Christmas with the Campbells - Justin Long - AMC+
Credit: RLJE Films
by Steven Warner Featured Film Streaming Scene

Christmas with the Campbells — Clare Niederpruem

November 30, 2022

Christmas with the Campbells angles for a bawdy send-up of the Hallmark holiday rom-com, but fails to strike a successful balance.

With literally hundreds of holiday-themed films being released on a yearly basis by both basic cable networks and streaming giants, it takes a lot for one to stand out from the crowd, so interchangeable the lot have become and so homogenized the template. Director Clare Niederpruem attempts the impossible with Christmas with the Campbells, a spiked yuletide confection whose lone differentiating factor is its ribald humor, with enough F-bombs and dick jokes to fill several Kevin Smith features. It’s actually rather surprising that it has taken this long for one of these movies to go the route of juvenile humor, the contrast between setting and content providing ample material for a few shameless giggles. But Campbells frustratingly wants to have it both ways, its earnest commitment to its plot mechanics constantly butting heads with all the boner shenanigans and overt double entendres.

Brittany Snow stars as Jesse, an aspiring photographer who, as the film opens, is dating the impossibly narcissistic Shawn (Alex Moffat), a corporate accountant more concerned with ab workouts than supporting his girlfriend of four years. Shawn ultimately dumps Jesse days before a planned Christmas trip to his parents’ house in the gorgeous small town of Ketchum, Utah, insisting that she needs to get her life together. As it turns out, Shawn’s Ma (Julia Duffy) and Pa (George Wendt) seem to like Jesse more than their own son, and invite her to spend the holidays with them, as Shawn will be in New York for a big job interview. That the film acknowledges Jesse’s decision to take them up on their offer is beyond pathetic is a nice meta touch, but it doesn’t excuse the tired turns of the script, as Jesse eventually falls in love with visiting cousin and all-around good guy David (Justin Long), with the sudden reappearance of a lovelorn Shawn throwing a wrench in fate’s plans.

It isn’t the least bit surprising to learn that the script for Campbells was co-written by Barbara Kymlicka, a Hallmark Channel veteran responsible for some of the network’s biggest hits, including all-timer A Very Merry Mix-Up. (Side note: InRO editor Luke Gorham disagrees with this statement. Luke Gorham is wrong.) What might be a bit of a shock, though, is that actor and comedian Vince Vaughn also shares a writing credit, alongside screenwriter Dan Lagana, the man responsible for Netflix’s beyond campy The Babysitter: Killer Queen. If one were to hazard a guess as to how all of this came about, it seems more than likely that producers simply found a Kymlicka script that had been gathering dust and had Vaughn and Lagana do a once-over, adding raunch where none originally existed. It’s obvious that everyone involved wanted to skewer this particular genre as a whole and craft a scathing parody, but the end result is too inconsistent and the execution distinctly half-hearted. Everything here needed to be cranked to 11 — which is where the best holiday films succeed — from plotting to characterization to performance, but Moffat is the only one who’s operating on the proper wavelength, crafting a character so insufferable from minute one that it works as a rather fantastic send-up of the “obvious wrong guy” trope so common to these films. This is a character so heinous that, when breaking up with Jesse, he tells her that he loved that fact she was always “down to clown,” and really appreciated the fact that she “always kept her pussy fresh.” The casting of Moffat, a current SNL cast member who thrives at smug superiority, was an undeniable boon for the production, and he wrangles all of the film’s minimal laughs, somehow even pulling off a rather sly fart joke. Long, for his part, starts off strong, talking in an exaggerated macho growl and spouting only ridiculous similes and metaphors, but the character unfortunately becomes more pedestrian the longer the film goes on, while poor Snow is given absolutely nothing to work with, often times looking either pained or confused. And it’s anyone’s guess what is going on with the parents, as they are presented as sexually voracious simpletons who glug “purple drank” and huff paint.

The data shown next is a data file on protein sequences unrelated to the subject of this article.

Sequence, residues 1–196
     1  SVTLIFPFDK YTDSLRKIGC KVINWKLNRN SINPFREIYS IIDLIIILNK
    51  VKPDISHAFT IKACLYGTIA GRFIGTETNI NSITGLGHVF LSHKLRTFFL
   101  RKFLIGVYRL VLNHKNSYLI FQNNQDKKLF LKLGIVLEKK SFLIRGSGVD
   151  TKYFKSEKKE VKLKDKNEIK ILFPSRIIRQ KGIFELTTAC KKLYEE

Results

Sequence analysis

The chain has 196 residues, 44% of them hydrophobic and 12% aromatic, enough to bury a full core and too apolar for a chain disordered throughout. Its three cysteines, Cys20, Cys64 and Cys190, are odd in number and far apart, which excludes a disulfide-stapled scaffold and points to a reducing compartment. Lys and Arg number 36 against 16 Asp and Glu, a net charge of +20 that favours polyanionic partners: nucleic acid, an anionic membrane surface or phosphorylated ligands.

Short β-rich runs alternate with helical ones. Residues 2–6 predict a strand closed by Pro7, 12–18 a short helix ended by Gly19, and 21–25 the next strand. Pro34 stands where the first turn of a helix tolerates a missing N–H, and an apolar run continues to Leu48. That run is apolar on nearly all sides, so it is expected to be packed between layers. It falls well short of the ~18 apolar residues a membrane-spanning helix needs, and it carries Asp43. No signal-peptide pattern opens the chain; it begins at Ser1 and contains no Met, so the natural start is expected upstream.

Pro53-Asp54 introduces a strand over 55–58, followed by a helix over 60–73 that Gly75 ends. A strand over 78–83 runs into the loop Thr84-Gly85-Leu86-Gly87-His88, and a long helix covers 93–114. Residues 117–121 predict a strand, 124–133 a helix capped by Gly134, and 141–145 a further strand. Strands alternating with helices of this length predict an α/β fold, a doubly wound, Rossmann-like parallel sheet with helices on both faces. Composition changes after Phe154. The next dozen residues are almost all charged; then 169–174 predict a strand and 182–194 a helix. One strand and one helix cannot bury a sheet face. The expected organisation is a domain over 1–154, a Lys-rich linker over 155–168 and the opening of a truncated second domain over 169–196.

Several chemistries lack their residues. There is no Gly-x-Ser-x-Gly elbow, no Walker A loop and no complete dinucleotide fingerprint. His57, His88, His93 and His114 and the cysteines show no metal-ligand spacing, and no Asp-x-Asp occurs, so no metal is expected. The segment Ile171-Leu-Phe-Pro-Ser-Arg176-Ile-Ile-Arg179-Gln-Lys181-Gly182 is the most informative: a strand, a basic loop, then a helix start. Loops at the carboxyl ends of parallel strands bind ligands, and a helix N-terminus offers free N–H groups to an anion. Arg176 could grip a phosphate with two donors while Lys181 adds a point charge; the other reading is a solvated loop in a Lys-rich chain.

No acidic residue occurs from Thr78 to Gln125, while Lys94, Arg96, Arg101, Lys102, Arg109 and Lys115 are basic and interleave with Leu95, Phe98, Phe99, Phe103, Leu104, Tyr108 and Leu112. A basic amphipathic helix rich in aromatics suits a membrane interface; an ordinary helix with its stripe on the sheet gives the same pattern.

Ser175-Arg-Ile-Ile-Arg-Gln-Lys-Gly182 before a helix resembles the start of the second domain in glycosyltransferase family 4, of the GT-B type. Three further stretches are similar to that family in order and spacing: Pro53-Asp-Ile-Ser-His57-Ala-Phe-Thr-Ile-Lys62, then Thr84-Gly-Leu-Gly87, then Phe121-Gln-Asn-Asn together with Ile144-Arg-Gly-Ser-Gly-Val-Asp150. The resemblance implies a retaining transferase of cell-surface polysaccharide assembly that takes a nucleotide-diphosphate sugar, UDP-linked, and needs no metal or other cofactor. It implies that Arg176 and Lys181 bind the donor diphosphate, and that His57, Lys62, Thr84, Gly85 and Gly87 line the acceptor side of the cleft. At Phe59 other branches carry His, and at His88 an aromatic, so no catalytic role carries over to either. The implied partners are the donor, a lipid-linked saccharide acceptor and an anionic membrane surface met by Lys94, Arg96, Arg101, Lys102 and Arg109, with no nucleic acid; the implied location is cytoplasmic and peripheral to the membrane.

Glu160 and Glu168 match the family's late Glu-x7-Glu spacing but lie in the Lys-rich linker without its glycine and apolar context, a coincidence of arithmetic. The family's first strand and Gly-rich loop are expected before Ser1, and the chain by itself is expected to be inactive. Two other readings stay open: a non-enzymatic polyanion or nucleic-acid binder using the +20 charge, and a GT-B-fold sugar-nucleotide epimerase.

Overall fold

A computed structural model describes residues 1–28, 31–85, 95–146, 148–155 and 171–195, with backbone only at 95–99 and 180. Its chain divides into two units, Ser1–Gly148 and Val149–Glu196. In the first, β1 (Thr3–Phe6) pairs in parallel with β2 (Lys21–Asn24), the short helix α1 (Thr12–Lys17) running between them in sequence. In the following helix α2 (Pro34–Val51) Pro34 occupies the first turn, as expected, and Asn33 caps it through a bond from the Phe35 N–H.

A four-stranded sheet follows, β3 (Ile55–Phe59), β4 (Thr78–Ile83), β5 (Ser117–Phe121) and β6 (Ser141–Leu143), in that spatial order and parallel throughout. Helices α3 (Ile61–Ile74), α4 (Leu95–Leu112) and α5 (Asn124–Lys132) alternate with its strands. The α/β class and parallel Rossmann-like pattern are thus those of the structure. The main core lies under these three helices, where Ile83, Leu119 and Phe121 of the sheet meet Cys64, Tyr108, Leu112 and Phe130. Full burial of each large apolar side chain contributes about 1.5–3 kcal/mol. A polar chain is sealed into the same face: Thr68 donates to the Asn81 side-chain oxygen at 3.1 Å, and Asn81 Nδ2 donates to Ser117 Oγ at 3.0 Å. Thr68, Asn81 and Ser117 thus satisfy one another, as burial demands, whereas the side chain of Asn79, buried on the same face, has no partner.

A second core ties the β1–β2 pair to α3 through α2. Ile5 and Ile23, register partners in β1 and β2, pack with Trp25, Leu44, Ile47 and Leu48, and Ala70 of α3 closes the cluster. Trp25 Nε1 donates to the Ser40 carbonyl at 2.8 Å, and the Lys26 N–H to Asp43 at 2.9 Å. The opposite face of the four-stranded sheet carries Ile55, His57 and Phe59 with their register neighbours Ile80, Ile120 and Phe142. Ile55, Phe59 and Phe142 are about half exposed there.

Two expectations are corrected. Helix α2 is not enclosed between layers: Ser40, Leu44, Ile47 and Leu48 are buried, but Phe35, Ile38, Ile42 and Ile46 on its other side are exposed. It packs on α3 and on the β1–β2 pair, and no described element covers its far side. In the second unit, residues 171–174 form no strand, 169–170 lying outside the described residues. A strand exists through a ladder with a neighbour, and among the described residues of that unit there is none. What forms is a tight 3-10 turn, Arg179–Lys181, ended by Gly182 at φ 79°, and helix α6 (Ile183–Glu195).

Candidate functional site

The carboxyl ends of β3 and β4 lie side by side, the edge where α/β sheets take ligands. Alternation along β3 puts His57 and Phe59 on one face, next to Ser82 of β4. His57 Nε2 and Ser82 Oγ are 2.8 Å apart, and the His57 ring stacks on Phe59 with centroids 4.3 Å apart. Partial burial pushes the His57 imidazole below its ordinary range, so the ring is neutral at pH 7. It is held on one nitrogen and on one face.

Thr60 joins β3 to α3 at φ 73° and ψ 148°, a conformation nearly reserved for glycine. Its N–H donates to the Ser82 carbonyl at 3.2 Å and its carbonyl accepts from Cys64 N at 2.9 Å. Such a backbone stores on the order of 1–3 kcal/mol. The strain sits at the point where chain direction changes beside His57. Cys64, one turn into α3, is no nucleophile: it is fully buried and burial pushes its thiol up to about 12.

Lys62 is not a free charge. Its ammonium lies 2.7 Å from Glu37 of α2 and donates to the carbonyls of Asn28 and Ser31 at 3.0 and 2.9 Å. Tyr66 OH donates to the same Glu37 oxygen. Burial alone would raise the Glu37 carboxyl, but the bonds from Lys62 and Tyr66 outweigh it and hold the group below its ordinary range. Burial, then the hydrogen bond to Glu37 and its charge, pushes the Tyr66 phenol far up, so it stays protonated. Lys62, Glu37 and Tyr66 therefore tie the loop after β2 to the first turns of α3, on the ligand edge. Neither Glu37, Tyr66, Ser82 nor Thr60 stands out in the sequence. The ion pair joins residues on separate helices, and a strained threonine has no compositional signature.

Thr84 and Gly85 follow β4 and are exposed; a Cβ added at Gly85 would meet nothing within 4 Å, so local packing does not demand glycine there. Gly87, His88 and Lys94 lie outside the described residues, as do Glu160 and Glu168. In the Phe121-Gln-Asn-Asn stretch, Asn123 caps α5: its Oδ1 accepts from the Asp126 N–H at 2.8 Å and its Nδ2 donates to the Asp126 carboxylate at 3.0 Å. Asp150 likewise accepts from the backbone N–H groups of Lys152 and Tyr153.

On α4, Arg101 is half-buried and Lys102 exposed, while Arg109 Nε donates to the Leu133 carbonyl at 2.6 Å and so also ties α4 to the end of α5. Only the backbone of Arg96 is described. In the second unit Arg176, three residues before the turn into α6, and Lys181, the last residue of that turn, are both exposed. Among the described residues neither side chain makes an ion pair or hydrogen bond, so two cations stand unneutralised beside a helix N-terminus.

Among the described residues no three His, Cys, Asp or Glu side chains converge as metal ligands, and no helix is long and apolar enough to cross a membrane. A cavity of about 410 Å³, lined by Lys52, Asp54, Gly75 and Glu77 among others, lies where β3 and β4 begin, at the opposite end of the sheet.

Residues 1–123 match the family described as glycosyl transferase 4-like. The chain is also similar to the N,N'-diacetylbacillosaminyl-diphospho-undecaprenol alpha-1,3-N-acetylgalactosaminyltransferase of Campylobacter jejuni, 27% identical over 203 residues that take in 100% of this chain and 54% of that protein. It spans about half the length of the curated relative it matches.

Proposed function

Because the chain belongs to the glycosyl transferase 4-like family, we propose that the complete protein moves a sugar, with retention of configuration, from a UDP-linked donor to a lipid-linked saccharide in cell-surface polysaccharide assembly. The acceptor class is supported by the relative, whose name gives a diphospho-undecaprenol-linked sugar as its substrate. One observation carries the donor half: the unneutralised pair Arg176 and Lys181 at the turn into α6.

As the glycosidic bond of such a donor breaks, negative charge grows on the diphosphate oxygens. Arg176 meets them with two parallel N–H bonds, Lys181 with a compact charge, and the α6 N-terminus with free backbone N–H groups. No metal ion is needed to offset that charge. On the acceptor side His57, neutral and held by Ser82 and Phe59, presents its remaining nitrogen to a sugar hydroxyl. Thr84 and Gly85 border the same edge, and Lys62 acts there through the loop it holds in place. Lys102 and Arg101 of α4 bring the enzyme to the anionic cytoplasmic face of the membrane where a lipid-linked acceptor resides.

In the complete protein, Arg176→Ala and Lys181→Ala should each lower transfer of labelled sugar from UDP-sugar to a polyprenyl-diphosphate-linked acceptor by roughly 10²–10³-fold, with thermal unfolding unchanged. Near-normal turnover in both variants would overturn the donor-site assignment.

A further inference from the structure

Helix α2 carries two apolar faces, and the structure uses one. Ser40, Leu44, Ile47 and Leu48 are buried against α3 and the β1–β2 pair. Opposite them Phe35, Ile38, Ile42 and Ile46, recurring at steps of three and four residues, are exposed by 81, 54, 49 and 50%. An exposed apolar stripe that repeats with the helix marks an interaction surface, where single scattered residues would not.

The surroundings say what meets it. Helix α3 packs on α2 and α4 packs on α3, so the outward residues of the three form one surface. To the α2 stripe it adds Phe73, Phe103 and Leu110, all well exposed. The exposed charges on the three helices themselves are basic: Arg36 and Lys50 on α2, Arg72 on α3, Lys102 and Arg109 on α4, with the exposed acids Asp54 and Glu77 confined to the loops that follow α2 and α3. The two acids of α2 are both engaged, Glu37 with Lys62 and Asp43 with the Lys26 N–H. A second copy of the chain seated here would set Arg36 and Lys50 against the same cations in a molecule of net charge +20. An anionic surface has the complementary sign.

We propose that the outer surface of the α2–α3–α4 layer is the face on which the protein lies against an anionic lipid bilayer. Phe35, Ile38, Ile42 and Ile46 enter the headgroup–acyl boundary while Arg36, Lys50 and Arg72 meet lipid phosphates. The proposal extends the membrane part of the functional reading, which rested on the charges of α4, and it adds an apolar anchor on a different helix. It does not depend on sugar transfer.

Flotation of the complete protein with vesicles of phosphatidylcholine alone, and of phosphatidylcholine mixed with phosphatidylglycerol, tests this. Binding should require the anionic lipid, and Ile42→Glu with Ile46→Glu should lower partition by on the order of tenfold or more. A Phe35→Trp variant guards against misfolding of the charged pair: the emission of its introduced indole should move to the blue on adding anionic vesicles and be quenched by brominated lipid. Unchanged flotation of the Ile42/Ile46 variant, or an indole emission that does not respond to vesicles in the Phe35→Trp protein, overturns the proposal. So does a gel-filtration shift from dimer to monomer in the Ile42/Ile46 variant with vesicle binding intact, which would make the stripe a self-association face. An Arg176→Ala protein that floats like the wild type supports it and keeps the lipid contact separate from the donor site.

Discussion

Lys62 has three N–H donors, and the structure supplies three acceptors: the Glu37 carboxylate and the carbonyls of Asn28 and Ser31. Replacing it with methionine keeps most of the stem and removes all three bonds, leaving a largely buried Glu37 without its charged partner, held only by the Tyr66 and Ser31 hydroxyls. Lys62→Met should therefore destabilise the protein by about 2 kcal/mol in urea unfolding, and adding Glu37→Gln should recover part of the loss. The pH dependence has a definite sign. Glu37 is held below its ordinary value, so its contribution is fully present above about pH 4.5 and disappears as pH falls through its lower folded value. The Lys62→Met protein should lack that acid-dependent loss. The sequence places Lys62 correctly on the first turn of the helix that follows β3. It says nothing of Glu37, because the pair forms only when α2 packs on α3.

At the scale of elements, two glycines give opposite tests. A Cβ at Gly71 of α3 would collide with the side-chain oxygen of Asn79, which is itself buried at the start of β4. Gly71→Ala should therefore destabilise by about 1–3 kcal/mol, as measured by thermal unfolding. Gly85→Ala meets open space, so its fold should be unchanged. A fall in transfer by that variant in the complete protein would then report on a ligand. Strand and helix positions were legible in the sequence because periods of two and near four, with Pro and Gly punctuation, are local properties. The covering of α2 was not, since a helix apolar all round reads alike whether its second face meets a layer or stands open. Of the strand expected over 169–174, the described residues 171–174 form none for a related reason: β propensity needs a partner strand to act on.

It is hard to determine exactly what clichés are attempting to be exploited here, with the most obvious joke being “Wouldn’t it be funny if former sitcom stars did a lot of dirty stuff?” So if you ever wanted to hear Stephanie from Newhart ask Norm from Cheers to take his dick out of his pants, then Christmas with the Campbells is the holiday film for you. For anyone not automatically sold on that pitch, Niederpruem’s film, much like every other effort of this ilk, boasts a profoundly flat visual aesthetic while also being garishly overlit, to the point that this attractive cast has never looked worse. One could argue that this was a deliberate choice on the part of Niederpruem in an effort to overexaggerate the usual nothingness on display in this genre, but it looks simply like every other movie the director has helmed, including 2018’s modern-day retelling of Little Women starring Lea Thompson (which bafflingly got a theatrical release, if you weren’t aware). In fairness, it’s impossible to deny that this latest film has a few laugh-out-loud moments, but they mostly get subsumed in a sea of try-hard humor and missed opportunities. Someday audiences will be gifted with a proper and bawdy send-up of the oversaturated market of holiday rom-coms; Christmas with the Campbells, while moving the needle in the right direction, isn’t it.